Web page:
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Insulin fix could be slipping away

Illustration of a syringe in a bottle of insulin with a clock face cap

Illustration: Sarah Grillo/Axios

You can put insulin a bit lower on your lame duck radar. Action to lower the cost is facing long odds in Congress before the end of the year, according to congressional aides.

Why it matters: More than 1 million Americans have to ration insulin because of the cost, according to an October study in the Annals of Internal Medicine, and the odds of action are getting even harder next year given the GOP takeover of the House.

Between the lines: Sens. Jeanne Shaheen and Susan Collins have a bipartisan measure to lower insulin costs, but finding nine other Republicans to get to 60 votes has been challenging.

  • There isn't a lot of time on the Senate floor before the end of the year, and the CBO found that the measure would cost about $23 billion over 10 years, adding hurdles.
  • "It will be a big lift because it’s an expensive policy and Republicans will have to bring 10 votes, which they weren’t able to do earlier this year," a Senate Democratic aide said.
  • Another path would be getting the bill into the year-end government funding package, but the odds are not seen as high that GOP Leader Mitch McConnell would agree to that.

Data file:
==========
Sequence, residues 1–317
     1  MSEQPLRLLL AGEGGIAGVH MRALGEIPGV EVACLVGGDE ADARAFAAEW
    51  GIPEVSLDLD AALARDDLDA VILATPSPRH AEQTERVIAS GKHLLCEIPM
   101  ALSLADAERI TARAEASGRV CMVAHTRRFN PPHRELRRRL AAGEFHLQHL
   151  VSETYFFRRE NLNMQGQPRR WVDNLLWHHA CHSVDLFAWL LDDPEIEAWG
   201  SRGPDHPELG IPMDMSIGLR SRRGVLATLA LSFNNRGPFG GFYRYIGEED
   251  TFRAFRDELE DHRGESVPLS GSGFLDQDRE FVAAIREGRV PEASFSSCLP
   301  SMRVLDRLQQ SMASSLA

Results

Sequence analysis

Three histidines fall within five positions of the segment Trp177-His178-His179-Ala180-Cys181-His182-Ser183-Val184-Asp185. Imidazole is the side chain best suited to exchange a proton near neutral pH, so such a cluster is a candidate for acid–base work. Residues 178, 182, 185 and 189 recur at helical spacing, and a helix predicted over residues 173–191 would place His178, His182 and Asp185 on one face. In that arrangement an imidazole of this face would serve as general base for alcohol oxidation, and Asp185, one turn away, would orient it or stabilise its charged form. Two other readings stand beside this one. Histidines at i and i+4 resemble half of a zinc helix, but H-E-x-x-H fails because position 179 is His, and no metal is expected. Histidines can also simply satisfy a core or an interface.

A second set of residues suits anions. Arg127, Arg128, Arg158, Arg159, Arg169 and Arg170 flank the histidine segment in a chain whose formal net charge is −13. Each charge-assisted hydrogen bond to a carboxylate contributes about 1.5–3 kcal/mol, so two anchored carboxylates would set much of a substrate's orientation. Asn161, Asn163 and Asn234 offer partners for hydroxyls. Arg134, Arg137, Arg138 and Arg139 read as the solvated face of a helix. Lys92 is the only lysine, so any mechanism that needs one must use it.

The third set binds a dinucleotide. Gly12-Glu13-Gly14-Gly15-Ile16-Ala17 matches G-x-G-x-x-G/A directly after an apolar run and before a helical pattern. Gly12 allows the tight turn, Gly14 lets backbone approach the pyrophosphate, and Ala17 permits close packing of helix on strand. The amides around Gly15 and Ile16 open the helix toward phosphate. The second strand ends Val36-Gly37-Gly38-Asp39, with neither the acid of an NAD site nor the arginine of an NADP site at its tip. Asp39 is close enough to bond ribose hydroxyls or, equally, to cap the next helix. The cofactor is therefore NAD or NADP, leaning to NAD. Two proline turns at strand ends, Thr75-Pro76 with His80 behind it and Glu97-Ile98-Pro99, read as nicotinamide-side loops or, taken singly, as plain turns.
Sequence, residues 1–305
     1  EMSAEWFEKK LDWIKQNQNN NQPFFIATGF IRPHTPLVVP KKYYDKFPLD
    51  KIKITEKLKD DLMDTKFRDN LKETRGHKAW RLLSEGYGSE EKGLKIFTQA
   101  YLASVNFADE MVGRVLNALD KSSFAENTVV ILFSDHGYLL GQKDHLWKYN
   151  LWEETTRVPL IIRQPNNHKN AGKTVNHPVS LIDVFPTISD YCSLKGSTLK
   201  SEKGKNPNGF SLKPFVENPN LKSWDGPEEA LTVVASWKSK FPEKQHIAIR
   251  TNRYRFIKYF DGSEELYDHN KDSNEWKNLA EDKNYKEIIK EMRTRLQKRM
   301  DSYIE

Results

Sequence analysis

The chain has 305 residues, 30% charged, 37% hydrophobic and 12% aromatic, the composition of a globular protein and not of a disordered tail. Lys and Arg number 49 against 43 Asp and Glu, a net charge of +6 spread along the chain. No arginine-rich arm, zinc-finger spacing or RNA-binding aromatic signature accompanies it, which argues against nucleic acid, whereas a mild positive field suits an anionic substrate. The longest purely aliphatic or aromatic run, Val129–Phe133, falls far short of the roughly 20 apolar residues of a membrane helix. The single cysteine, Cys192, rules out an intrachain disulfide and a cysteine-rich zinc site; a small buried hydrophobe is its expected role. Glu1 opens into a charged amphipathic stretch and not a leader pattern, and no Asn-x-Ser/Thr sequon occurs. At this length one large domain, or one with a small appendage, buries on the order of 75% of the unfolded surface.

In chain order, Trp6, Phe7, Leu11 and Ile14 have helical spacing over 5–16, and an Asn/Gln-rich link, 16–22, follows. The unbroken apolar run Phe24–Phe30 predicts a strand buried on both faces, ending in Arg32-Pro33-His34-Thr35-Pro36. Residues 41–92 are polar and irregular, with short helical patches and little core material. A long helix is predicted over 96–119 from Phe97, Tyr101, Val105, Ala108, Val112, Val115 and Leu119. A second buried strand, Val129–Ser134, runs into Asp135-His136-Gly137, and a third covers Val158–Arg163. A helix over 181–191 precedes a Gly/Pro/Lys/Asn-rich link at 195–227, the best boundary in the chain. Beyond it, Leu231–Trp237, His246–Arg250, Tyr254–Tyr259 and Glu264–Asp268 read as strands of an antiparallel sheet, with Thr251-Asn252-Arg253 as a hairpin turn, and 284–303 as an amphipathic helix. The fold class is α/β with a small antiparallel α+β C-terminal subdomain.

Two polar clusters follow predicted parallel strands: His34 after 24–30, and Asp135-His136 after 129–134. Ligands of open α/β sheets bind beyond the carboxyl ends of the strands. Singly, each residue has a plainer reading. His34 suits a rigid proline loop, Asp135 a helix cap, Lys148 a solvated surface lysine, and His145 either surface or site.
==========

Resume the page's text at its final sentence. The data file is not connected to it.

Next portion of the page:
• Sen. Raphael Warnock has also made capping insulin costs a key issue, adding a political hurdle to getting Republican support, at least before the Dec. 6 runoff election in Georgia.

How it works: The Shaheen-Collins bill includes a $35-per-month cap on patients' out of pocket costs for insulin, as well as voluntary incentives for drug companies to lower the list price of insulin.

  • Some advocates have called for the bill to do more to lower the overall price of insulin, not just cap patient out-of-pocket costs.
  • Democrats, including President Biden, have called repeatedly for a $35 cap. Democrats were able to include the cap for people on Medicare in the Inflation Reduction Act, but Republicans voted against overruling the Senate parliamentarian to extend the cap to people with private insurance.
  • The odds of action next year are even smaller, given that many Republicans view the policy as interference in the private market. Only 12 House Republicans voted for a $35 cap earlier this year.
  • "For any meaningful possible health care agenda, you want to get it done now," said Leslie Dach, chair of the Democratic-aligned advocacy group Protect Our Care.

Yes, but: Senate Finance Committee Chairman Ron Wyden said he is going to go "all in" to push for action on insulin. And Democrats, after keeping their Senate majority, could also seek to pressure the GOP House next year.

  • Shaheen sounded a cautious note about the possibility of action before the end of the year, though. "Well, we would still like to see if we can get it done in the lame duck," she told Axios. "I think it depends on timing and what's on the schedule and lots of other things, but yes, we are still pushing it."
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